YAF is not oppressed

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Back to Article

YAF is not oppressed

Illustration courtesy of Crystal Nigo-Bravo

Illustration courtesy of Crystal Nigo-Bravo

Illustration courtesy of Crystal Nigo-Bravo

Kolya Ludwig, Golden Eagle Justice Collective

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Young Americans for Freedom (YAF) is a nationwide conservative organization with a vocal chapter at Cal State LA. On its website, the group brands itself as an embattled, marginalized voice on college campuses, where “intolerant leftist” students rip their flyers off of school walls and protest their thought leaders when they hold speaking events. However, the truth is that YAF has stumbled into the last parcel in the United States (the university classroom) where its ideology doesn’t completely rule the discourse. In reality, YAF is a gaudy mascot for the ideas and values that already govern every powerful institution in our society.

According to its website, YAF values a “strong national defense.” They’re in luck! Politico reports that the United States maintains 800 overseas military bases in over 70 countries, and defense.gov lists the 2020 projected military budget at $738 billion—a sum greater than that of the next eight countries combined, according to the Stockholm International Peace Research Institute.

YAF also values “free enterprise.” As it turns out, capital has been so “freely enterprising” in this country that  Business Insider reports taxes for the top income bracket have plummeted to a third of what they were in the 1940s, untaxed offshore wealth is the new norm (see ICIJ’s journalism on the Panama Papers), and, as the Bureau of Labor Statistics documents, union membership is at an 80-year low. In the California University system, the Public Policy Institute finds that state funding has declined by a third since the 1970s while tuition rates have increased exponentially. In the meantime, private lenders have amassed a fortune from student debt.

Because YAF’s platform has had so much success at the national level, its strategy now is to target anyone who would dare challenge it. A frequent lament for YAF is “left bias” among college professors. However, from personal and shared experience with other students trying to organize against impaction at Cal State LA, although professors may preach their critical concepts in the classroom, they typically conform to dominant ideas about how one should conduct oneself in a professional workplace—for example, having polite conversations about a campus issue as opposed to going on strike over it. Therefore, faculty have little effect when it comes to actually making the political changes for which they advocate.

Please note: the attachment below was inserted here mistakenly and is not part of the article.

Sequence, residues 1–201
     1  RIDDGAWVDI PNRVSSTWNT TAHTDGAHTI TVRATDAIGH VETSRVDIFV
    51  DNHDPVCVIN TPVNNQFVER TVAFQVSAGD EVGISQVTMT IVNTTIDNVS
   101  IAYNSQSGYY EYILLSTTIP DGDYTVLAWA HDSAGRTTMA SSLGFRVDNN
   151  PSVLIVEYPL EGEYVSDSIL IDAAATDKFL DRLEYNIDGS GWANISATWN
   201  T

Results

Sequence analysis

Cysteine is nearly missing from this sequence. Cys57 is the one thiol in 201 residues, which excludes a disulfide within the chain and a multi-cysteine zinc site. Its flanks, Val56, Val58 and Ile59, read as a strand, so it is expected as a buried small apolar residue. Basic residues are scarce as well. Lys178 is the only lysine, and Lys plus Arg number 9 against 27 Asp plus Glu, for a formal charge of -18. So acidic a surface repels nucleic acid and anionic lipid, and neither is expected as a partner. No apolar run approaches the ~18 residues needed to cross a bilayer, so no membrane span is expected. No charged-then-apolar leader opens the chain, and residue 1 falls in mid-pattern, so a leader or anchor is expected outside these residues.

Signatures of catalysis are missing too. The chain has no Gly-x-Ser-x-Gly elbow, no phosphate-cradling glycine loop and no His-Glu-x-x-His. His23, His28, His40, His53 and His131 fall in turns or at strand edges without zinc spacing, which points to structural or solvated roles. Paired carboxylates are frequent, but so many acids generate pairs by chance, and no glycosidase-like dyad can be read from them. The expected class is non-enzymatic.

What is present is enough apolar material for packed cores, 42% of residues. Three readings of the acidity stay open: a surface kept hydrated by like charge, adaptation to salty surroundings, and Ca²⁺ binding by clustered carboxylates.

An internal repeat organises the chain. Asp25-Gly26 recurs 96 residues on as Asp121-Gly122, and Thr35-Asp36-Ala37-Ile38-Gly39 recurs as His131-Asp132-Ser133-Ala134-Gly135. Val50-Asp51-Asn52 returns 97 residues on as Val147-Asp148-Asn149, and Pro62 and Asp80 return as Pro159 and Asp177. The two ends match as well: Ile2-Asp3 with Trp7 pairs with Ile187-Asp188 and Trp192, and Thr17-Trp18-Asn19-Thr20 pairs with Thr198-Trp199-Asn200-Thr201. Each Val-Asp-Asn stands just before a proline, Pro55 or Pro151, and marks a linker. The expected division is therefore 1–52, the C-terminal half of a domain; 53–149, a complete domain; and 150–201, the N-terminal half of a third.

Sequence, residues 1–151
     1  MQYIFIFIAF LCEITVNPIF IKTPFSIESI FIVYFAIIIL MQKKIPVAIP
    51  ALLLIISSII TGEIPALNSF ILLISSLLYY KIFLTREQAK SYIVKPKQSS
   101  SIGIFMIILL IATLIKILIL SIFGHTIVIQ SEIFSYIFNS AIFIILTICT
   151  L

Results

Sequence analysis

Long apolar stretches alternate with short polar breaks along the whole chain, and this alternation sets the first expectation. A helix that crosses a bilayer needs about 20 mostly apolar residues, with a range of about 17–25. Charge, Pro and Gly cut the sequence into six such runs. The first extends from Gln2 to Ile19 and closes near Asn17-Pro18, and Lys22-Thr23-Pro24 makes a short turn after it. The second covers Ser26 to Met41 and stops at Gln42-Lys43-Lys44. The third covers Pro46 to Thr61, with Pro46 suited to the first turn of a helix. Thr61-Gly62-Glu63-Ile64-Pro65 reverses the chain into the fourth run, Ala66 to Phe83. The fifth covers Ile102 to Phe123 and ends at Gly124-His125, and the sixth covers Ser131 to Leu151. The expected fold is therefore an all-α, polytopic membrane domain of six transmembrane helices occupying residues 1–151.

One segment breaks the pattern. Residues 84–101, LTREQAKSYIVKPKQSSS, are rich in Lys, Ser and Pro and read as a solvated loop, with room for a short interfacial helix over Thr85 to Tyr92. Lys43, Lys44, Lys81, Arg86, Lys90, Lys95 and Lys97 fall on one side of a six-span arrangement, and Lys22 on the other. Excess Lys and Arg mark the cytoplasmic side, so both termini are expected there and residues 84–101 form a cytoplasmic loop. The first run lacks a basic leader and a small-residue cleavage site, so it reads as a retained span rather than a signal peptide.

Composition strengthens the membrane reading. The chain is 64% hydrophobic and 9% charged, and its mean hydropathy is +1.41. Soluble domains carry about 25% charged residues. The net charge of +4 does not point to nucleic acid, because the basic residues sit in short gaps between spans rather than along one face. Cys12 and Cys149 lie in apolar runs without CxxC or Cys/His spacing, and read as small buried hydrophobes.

Moreover, the university system, as opposed to the classrooms in which professors peddle their “leftist” dogma, has been totally usurped by “free enterprise” and austerity. A few top administrators control all aspects of campus life, while students in dilapidated buildings, like King Hall, hear their professors describe how a theoretical society might function. The concepts that our “brainwashing” professors believe in (e.g. democracy), therefore, aren’t even represented in the institution over which they have the greatest influence.

Our political reality thus embodies the substance of YAF’s ideology, despite their complaints about anti-conservative bias on campus. The consequence is that working-class students and faculty are left to suffer the scarcity, stress, and anxiety of YAF’s ideas being set into practice every single day. Can you blame them for being pissed off when indignant YAF members try to obscure this fact?

EDITOR’S NOTE TO READERS:

Despite speaking with a YAF representative tabling recently and emailing YAF several times over the past two weeks, it could not be reached for comment.

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